US Bars Chinese Officials For Crackdown On Uighur, Amid Pak's Silence

US News

Trump's administration slapped travel bans on Chinese officials involved in a crackdown against Uighurs and other Muslim minorities, as Pak still remains silent

Written By Aishwaria Sonavane | Mumbai | Updated On:

US President Donald Trump's administration on Tuesday slapped travel bans on Chinese officials involved in a brutal crackdown against Uighurs and other Muslim minorities in its west. The State Department said it would not issue visas to Chinese government and Communist Party officials believed to be responsible for or complicit in mass detentions and abuses in western Xinjiang province. It did not identify the targeted officials or say how many were affected by the ban, which can also be applied to their immediate family members.

In a statement, Secretary of State Mike Pompeo urged China to halt its "campaign of repression" in the region, release all those arbitrarily detained and stop trying to coerce members of Chinese Muslim minority groups residing abroad to return to China.

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"The protection of human rights is of fundamental importance, and all countries must respect their human rights obligations and commitments," Pompeo said. "The United States will continue to review its authorities to respond to these abuses."

"The Chinese government has instituted a highly repressive campaign against Uighurs, ethnic Kazakhs, Kyrgyz, and other members of Muslim minority groups in the Xinjiang Uighur Autonomous Region (Xinjiang)," he added.

The announcement came a day after the Commerce Department blacklisted Chinese government agencies and a number of Chinese companies that develop facial recognition and another artificial intelligence technology the U.S. says is being used to repress Muslim minorities. The blacklist effectively bars U.S. firms from selling technology to Chinese companies without government approval.

China is estimated to have detained up to 1 million Muslims in prison-like detention centers in the region. The detentions come on top of harsh travel restrictions and a massive surveillance network equipped with facial recognition technology. China has denied committing abuses in the centers and has described them as schools aimed at providing employable skills and combating extremism.

China was also accused of harvesting organs from prosecuted minority groups, during a United Nations Human Rights Council meeting in September last week.

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Pakistan on China's crackdown on Muslim minority

Imran Khan has been seeking the world's attention over the situation in Kashmir, alleging people of the Muslim community to be under siege in the region. However, the Pakistan Prime Minister has conveniently ignored the atrocities unleashed by their "all-weather friend" China, on the minority Muslims communities across the country.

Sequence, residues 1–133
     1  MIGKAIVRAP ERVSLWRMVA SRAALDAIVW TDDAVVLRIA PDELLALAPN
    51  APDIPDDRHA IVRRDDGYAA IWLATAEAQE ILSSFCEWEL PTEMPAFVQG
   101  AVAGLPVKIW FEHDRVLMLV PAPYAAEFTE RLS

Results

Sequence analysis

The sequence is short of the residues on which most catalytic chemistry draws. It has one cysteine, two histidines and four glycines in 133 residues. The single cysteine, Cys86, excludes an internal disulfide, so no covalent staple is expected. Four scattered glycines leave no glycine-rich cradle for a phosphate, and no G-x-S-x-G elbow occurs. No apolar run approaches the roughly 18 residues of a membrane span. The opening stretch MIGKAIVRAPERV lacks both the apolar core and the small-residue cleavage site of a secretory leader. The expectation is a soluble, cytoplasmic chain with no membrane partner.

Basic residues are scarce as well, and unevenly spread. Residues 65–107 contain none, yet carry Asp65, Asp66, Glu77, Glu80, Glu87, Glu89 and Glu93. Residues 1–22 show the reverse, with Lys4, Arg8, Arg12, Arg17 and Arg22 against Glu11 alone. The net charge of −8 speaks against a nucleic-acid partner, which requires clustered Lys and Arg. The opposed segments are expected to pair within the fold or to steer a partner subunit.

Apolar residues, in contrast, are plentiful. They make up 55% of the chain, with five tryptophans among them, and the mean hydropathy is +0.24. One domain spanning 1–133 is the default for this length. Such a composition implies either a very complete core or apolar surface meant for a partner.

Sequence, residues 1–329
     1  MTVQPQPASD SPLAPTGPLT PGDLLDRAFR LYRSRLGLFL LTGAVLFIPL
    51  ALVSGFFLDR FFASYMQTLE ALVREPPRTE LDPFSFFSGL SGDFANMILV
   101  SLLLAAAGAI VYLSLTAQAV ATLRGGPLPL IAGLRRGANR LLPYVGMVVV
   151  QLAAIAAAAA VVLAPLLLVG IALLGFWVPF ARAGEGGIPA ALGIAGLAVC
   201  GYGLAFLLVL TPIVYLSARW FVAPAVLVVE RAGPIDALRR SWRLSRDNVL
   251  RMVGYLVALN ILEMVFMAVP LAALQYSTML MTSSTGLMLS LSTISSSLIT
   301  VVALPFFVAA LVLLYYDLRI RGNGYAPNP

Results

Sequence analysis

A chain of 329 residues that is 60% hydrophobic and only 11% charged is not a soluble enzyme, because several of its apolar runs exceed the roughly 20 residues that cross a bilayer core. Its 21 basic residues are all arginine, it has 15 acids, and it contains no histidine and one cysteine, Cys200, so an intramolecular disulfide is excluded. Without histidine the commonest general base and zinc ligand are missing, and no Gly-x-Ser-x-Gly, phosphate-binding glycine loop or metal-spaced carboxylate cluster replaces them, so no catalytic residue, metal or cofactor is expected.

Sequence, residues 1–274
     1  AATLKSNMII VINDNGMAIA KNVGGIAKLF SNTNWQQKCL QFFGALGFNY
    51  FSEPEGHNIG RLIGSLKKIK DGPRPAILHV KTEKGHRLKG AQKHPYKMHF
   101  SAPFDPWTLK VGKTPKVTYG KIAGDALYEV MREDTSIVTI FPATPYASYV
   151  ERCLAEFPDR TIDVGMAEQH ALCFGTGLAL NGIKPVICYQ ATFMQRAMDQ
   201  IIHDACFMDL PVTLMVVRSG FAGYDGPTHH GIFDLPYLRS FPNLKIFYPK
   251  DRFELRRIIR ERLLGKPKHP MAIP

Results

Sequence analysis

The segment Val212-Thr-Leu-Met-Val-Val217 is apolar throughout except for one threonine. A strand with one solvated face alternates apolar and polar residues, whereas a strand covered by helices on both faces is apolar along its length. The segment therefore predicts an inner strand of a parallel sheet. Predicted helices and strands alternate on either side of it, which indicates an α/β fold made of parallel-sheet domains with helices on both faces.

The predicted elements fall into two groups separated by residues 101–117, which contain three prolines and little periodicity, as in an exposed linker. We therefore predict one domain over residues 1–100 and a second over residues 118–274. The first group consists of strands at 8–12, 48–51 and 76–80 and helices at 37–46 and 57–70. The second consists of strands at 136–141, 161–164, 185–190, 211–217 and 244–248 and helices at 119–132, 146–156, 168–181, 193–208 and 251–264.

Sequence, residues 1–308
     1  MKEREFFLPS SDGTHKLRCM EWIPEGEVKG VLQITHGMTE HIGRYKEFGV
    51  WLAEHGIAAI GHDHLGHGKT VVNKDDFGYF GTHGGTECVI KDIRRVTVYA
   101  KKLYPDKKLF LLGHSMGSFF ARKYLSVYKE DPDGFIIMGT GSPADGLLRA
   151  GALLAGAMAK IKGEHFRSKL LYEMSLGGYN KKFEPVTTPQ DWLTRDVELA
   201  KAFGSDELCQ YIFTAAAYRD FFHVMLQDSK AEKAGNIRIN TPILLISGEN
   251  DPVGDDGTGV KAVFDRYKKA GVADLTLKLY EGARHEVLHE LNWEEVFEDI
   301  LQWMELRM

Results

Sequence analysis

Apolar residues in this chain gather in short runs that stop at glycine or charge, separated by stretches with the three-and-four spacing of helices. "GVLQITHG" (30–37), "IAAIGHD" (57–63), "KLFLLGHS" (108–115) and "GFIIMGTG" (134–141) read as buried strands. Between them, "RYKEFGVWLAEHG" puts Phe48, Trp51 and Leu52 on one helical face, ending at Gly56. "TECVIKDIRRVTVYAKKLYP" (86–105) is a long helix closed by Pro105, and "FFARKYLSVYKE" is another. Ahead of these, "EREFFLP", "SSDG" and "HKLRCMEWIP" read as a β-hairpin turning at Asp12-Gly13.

The hypocrisy was brought to notice once again during Imran Khan's interview with Al Jazeera on September 12, wherein the Pakistan Prime Minister was questioned if he had a chance to discuss with Chinese President Xi Jinping over the issue of systematic persecution of Uighur community. 

"No, I haven't," said Imran Khan, adding that the country is drowned in internal issues and claimed that he was unaware of the "problem."

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"And frankly, we have been facing so many of our internal problems right now, that I don't really know much about this problem. And since we have been in power for one year, domestically, apart from the economy, and now with Kashmir, we have been inundated with problems. But I will say one thing for China, for us China has been the best friend," he told the international news media organisation. 

Imran Khan's credibility over his claims to confront 'Islamophobia' was questioned, over his silence on the treatment of Muslim minority in China.  At the UNGA, Imran Khan, along with Turkish President Recep Tayyip Erdogan and Malaysian Prime Minister Tun Dr. Mahathir Mohamad accouned to establish an English news channel to confront Islamophobia in the West. 

UN ambassadors from 37 countries released a letter on July 12 defending China's treatment of Uighur and other minorities in the Xinjiang region, in direct response to Western criticism earlier this week.

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(With PTI inputs) 


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